Susceptibility to disease

  • Created by: Ali682
  • Created on: 27-11-17 17:53
How many types of cancers are there?
There are 200 types of cancers
1 of 27
What is cancer?
Cancer is a cell disease that results in them becoming abnormal and dividing to make even more abnormal cells.
2 of 27
Who gets cancer?
Over one and a half million new cancer cases are diagnosed each year. Anyone can get cancer at any age, but the risk goes up with age. Nearly 9 out of 10 cancers are diagnosed in people ages 50 and older.
3 of 27
What is the risk of developing cancer?
The risk of developing most types of cancer can be reduced by changes in a person’s lifestyle, for instance, by staying away from tobacco, limiting time in the sun, and being physically active and eating healthy foods.
4 of 27
What causes cancer?
Some cancers are caused by things people do or expose themselves to. For example, tobacco use can cause cancer of the lungs, mouth, throat, bladder, kidneys, and many other organs. Radiation can cause cancer.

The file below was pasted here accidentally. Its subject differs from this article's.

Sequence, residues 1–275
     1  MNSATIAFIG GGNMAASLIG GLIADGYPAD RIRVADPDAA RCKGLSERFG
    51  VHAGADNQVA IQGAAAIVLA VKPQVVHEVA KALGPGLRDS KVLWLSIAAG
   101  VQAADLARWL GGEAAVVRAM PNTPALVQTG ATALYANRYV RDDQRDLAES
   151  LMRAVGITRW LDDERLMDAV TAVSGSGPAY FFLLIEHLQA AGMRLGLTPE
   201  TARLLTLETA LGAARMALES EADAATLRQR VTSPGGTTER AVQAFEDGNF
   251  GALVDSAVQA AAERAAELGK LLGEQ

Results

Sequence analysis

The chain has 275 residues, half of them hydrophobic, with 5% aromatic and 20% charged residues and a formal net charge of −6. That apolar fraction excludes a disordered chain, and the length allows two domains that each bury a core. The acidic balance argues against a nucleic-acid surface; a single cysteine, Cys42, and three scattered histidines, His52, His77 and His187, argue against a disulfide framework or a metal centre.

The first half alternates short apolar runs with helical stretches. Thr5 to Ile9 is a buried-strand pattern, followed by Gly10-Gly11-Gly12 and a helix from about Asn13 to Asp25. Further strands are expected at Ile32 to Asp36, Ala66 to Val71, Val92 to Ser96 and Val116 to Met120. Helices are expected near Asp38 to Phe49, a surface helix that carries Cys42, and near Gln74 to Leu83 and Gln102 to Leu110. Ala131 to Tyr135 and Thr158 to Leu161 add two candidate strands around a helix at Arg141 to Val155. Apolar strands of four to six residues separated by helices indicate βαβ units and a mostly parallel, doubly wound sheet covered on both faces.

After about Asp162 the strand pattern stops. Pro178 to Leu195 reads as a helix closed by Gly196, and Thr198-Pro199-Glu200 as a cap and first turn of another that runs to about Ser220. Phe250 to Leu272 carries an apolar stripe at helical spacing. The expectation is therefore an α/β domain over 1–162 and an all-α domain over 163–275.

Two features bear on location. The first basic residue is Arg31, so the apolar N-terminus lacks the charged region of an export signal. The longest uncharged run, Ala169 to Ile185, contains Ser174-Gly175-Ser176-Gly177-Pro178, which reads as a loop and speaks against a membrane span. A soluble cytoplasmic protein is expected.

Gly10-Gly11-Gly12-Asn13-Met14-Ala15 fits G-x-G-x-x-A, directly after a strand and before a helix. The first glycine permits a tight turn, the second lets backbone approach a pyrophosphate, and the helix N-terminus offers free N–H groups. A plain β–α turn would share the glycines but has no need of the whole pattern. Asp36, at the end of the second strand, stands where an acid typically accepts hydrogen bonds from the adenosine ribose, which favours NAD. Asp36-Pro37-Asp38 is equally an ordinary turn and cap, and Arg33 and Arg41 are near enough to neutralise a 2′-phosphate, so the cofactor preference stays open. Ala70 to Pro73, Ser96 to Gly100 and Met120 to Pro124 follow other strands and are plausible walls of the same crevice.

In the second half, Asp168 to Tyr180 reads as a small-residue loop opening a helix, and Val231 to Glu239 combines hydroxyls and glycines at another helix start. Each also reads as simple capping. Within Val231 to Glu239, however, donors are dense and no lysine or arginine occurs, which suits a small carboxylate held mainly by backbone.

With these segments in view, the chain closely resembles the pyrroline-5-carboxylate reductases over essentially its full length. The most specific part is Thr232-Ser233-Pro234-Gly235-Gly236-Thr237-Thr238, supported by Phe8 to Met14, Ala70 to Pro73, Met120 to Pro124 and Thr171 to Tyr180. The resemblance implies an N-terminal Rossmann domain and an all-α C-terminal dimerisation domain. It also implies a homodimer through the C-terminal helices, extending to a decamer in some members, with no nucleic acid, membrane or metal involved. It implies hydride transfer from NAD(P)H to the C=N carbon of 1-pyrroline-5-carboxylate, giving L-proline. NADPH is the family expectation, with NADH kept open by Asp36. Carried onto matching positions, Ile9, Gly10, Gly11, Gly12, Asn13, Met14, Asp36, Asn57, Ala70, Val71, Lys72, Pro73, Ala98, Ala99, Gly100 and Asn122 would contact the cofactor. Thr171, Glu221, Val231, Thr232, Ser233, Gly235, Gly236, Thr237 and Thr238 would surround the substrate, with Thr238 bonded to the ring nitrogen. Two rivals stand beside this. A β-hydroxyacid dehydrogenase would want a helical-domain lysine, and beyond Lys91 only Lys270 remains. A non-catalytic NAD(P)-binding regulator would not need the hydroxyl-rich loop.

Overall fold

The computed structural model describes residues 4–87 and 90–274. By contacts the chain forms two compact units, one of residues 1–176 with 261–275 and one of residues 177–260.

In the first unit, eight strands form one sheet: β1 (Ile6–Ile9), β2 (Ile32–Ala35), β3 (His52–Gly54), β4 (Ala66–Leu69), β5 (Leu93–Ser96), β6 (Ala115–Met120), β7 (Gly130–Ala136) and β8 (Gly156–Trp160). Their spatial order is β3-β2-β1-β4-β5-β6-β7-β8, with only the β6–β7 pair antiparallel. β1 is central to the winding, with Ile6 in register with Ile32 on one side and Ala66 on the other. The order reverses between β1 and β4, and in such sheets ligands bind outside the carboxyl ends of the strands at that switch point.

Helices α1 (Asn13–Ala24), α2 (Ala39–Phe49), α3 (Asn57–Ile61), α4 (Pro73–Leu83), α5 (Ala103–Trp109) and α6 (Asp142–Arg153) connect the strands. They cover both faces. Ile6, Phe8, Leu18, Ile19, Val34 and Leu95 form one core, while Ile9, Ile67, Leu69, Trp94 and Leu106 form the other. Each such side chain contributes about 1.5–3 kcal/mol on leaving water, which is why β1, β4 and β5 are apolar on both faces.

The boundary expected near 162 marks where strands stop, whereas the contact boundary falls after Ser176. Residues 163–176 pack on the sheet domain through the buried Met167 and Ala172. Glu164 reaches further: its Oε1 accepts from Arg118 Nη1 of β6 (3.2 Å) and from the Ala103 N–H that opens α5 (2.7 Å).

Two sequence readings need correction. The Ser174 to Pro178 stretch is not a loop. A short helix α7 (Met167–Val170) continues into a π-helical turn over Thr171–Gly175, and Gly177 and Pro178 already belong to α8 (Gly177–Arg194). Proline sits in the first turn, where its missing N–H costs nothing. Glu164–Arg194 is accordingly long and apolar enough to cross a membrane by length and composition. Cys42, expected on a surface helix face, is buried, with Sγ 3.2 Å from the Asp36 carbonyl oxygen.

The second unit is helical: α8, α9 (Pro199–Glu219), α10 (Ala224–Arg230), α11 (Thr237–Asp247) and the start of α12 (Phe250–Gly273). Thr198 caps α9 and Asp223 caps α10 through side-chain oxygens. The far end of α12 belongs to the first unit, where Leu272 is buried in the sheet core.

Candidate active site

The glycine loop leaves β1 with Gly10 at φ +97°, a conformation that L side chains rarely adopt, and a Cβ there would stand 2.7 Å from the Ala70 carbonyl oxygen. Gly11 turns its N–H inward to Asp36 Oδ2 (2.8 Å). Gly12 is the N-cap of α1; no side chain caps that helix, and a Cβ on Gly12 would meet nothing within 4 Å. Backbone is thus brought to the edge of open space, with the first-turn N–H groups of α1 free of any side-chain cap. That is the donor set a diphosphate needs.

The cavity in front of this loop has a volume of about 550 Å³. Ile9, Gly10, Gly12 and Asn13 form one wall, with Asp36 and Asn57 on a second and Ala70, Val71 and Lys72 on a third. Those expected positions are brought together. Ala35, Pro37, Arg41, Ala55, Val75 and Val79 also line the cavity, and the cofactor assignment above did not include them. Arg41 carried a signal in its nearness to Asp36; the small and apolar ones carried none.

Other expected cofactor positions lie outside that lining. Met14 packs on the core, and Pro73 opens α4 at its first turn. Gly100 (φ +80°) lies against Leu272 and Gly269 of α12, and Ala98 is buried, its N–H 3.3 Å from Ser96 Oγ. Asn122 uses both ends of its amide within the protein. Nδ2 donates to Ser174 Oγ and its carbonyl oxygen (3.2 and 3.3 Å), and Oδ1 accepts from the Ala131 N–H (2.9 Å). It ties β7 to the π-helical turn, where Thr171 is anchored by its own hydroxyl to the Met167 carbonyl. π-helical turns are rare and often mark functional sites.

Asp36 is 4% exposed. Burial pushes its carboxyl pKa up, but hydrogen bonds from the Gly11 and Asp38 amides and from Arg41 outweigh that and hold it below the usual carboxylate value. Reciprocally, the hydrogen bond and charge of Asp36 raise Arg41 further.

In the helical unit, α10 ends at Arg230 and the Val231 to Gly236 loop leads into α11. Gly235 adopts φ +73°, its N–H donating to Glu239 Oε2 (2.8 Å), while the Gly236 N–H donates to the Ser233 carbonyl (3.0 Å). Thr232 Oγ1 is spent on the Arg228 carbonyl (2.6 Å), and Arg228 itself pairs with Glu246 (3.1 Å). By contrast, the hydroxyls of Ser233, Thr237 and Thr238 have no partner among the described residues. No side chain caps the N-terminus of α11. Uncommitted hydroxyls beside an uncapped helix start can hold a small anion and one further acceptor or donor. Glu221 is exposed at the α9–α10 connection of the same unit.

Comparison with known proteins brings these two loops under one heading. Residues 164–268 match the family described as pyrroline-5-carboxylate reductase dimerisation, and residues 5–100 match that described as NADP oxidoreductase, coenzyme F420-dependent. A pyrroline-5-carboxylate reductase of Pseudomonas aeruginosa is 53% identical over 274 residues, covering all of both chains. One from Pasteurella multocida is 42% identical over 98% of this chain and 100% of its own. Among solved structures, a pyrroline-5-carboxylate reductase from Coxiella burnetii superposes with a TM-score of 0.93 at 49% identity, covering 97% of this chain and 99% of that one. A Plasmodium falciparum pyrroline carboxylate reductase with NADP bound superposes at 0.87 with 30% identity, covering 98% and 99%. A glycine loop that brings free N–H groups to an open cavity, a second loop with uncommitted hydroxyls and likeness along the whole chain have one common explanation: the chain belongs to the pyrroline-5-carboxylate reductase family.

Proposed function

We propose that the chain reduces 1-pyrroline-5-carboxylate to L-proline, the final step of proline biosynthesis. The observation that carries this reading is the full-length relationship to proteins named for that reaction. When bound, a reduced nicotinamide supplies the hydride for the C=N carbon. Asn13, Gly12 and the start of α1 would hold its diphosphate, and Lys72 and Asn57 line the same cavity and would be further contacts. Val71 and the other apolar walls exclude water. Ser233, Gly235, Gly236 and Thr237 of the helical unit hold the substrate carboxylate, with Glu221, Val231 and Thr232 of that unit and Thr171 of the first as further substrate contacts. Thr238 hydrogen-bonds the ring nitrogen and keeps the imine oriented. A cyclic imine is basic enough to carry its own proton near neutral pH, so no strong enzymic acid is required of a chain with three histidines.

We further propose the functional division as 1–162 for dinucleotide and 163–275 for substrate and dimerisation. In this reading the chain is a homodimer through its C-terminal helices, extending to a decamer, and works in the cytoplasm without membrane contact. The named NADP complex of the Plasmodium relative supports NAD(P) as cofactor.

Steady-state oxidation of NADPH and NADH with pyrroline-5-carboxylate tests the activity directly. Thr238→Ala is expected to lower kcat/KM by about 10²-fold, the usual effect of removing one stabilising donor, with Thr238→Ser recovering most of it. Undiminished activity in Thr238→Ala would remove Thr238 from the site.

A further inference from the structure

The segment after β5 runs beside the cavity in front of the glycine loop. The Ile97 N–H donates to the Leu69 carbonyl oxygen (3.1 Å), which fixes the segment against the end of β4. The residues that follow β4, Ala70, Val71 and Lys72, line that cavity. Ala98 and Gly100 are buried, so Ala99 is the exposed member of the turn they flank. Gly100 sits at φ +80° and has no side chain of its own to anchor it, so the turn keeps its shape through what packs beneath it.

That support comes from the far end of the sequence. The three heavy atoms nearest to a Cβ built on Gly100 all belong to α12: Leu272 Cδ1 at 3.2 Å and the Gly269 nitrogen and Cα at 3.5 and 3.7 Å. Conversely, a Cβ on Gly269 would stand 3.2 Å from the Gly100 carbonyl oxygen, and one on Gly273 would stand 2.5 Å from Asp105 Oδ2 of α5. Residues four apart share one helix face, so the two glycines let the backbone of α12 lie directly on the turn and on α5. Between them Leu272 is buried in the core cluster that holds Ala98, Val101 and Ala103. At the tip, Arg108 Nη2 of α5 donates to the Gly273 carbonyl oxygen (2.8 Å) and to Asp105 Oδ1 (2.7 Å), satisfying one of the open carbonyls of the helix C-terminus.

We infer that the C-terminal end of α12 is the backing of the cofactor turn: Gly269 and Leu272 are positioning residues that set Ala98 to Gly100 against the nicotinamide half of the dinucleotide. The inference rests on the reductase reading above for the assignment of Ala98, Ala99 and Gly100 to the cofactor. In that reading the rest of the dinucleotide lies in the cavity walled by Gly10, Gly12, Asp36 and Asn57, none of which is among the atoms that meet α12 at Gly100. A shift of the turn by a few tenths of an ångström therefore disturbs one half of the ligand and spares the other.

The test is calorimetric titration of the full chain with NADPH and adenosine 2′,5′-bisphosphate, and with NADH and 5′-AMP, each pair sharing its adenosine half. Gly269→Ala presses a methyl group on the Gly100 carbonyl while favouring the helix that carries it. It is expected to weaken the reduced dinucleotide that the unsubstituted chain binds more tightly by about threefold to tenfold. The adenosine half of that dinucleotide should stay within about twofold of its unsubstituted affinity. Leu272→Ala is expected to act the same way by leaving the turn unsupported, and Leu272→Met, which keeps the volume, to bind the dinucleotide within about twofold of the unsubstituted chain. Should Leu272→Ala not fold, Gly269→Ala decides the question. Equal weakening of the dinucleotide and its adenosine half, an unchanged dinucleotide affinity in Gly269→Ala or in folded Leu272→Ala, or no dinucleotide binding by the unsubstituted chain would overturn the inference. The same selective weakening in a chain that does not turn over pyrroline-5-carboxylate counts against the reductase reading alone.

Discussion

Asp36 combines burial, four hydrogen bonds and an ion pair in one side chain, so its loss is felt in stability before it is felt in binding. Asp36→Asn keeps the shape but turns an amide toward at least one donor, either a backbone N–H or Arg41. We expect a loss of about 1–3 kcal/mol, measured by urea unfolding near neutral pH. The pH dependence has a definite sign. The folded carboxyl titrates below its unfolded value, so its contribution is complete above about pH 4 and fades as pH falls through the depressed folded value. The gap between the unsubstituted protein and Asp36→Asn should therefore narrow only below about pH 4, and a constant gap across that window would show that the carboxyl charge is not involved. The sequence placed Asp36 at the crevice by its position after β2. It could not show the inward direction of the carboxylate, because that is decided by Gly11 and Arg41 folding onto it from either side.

5 of 27
How is cancer treated?
Surgery, chemotherapy, and radiation are the 3 main types of cancer treatment.
6 of 27
Chemo side effects
Short-term (and often treatable) side effects of chemo can include things like nausea and vomiting, appetite loss, hair loss, and mouth sores.
7 of 27
Radiation side effects
Radiation treatments are much like x-rays and are not painful. The most common side effects are skin irritation in the treatment area and fatigue.
8 of 27
What is diabetes?
Diabetes is a serious life long health condition that occurs when the amount of glucose in the blood is to high because the body cannot use it properly.
9 of 27
What are the two types of diabetes?
Type 1 and Type 2 diabetes
10 of 27
What is type 1 diabetes?
Type 1 diabetes is a serious, lifelong condition where your blood glucose level is too high because your body can't make a hormone called insulin.
11 of 27
What causes Type 1 diabetes?